On 14 December 1965, Hannah Gavron, a 29-year-old sociologist with two young sons, a forthcoming book and a lectureship at a prestigious art college, sealed herself into a neighbour’s kitchen and turned on the gas oven. Her death paralleled an incident that took place two years earlier, when Sylvia Plath – another accomplished young woman – committed suicide less than 150 yards away, aged 30, on Fitzroy Road in Primrose Hill, north London.
I meet Jeremy Gavron, an author and the younger of Hannah’s two sons, on a bitter but bright day at a café close to the house where his mother died almost 50 years ago. For the past six years, Gavron has been seeking out people who knew Hannah: school friends, colleagues, lovers, most of whom are now in their seventies. The stories they told have been collected in a new book, A Woman on the Edge of Time, and these do not always make for comfortable reading.
“It’s funny, writing the book now that I’m old enough to be Hannah’s father,” says Gavron, who is 53. “Sometimes I was reacting like a son but other times I was reacting like a dad.”
Born in Palestine in 1936, Hannah Gavron was a magnetic and precocious child – but then she ought to have been. Her father was the distinguished Zionist writer T R Fyvel, a confidant to George Orwell (who would read to Hannah as a child). She skipped ahead a year at school and won awards for showjumping and poetry before enrolling, aged 16, at Rada, where family lore held that she acted in Shakespeare plays opposite Albert Finney and Peter O’Toole – though this turned out to be false.
“I’d been brought up with the character,” says Gavron, who spent the earlier part of his career working as a journalist in Africa. “Having lived so long with fairy tales and evasions, what I wanted was the facts.”
Hannah was also said to have had an affair with her boarding school’s headmaster. Her romantic entanglements are catalogued in letters to her friend Tash, spread throughout the new book, though it is never clear to what degree they were actualised.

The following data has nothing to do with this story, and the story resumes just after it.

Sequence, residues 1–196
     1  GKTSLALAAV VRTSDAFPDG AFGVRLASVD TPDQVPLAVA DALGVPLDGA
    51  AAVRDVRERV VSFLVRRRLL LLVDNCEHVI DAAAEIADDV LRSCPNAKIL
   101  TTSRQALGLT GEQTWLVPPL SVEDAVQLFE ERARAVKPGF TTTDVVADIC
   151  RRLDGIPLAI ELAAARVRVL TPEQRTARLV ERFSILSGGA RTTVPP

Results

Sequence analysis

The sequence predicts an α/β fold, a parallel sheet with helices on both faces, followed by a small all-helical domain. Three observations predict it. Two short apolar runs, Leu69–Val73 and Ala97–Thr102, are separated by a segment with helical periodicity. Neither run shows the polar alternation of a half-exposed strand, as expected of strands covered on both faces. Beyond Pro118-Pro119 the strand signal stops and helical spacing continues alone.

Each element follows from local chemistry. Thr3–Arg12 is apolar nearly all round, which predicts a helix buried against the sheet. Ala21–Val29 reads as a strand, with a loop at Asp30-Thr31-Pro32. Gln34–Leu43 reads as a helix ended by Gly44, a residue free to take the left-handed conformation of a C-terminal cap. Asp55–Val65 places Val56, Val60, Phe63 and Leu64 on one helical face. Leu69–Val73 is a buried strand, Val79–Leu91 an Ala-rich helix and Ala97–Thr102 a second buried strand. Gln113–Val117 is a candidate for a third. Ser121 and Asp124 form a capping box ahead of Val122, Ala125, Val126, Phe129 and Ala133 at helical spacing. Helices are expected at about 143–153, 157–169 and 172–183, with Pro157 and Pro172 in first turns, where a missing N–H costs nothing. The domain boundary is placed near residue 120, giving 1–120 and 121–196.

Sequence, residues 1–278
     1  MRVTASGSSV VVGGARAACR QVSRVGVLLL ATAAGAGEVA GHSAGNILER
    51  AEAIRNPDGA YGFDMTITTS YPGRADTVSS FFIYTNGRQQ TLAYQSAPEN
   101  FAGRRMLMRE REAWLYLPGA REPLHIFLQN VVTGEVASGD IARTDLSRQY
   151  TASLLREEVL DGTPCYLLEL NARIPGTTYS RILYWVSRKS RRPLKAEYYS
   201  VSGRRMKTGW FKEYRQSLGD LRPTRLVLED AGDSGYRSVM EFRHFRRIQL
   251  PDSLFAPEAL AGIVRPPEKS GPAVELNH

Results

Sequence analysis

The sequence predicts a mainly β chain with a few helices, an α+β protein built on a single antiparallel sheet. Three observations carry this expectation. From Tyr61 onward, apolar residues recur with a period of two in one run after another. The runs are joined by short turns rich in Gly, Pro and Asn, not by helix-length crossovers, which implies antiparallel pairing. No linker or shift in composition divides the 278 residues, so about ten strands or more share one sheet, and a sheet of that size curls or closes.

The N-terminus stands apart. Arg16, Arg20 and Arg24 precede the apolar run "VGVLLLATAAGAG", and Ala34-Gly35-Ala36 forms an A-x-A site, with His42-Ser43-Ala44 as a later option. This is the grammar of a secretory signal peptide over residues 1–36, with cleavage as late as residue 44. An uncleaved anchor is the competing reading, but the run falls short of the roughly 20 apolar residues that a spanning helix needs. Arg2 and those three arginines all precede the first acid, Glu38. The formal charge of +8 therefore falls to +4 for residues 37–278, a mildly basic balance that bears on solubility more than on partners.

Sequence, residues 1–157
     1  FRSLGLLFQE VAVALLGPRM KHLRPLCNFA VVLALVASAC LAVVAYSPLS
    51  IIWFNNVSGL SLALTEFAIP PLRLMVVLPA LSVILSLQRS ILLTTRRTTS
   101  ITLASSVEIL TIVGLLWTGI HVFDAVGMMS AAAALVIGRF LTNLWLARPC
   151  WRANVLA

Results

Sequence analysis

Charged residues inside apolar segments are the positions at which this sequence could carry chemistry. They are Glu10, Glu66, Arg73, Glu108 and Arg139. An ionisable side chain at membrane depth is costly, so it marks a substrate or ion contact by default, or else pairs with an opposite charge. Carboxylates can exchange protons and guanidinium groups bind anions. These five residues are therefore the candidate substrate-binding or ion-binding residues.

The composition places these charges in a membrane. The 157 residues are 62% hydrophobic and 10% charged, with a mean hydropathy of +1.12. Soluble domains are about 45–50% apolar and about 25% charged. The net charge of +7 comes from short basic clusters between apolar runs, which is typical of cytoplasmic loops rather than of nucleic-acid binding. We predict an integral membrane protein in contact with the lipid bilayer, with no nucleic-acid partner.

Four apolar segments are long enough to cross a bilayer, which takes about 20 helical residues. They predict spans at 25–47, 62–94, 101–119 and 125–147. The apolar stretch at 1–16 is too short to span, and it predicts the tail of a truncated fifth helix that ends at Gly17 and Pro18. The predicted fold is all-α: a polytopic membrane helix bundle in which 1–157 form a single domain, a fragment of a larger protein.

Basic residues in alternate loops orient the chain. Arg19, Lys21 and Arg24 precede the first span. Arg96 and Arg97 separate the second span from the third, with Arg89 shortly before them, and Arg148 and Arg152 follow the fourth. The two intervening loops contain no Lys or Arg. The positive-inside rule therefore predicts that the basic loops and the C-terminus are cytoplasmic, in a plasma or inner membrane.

“So few children know this much about their parents,” I say. “Especially their love lives,” Gavron adds.
After quitting Rada to marry Jeremy’s father, Robert – a successful publishing entrepreneur and Labour peer who died this year – Hannah studied at Bedford College, part of the University of London, for the next eight years. Her doctoral thesis concerned “sad, lonely mothers of the working and middle class” – a subject that was resisted by the heads of her department, all of them male, both for its subject matter and “qualitative” approach. But it was published in book form as The Captive Wife, to rave reviews, a few months after her death.
“It’s true about Hannah what Frieda said about D H Lawrence,” a childhood friend of Hannah’s told Gavron. “She lived every moment to the fullest possible extent.” Hannah had married Robert when she was 18 and he was 24. “We were too young,” Robert later reflected. Perhaps as a result of this – not to mention the pressures of work and parenthood – Hannah began an affair with a colleague, a gay man she convinced herself could be a permanent prospect. It was just the kind of youthful folly she had neglected earlier by being so driven.
“I think if she’d survived that day, she would’ve lived,” Gavron says. “She thought her book was no good but the world would’ve opened up for her. She’d have had the opportunity to be like Joan Bakewell, or ultimately Germaine Greer; to speak for womanhood. That’s where the title of my book comes from. She was just a little ahead of her time.”
This article appears in the 11 Nov 2015 issue of the New Statesman, Isis and the threat to Britain